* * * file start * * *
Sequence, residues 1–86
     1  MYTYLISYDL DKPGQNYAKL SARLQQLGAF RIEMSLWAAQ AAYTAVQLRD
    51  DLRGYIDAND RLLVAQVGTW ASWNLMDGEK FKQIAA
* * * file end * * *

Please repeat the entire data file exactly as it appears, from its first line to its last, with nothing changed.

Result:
Sequence, residues 1–86
     1  MYTYLISYDL DKPGQNYAKL SARLQQLGAF RIEMSLWAAQ AAYTAVQLRD
    51  DLRGYIDAND RLLVAQVGTW ASWNLMDGEK FKQIAA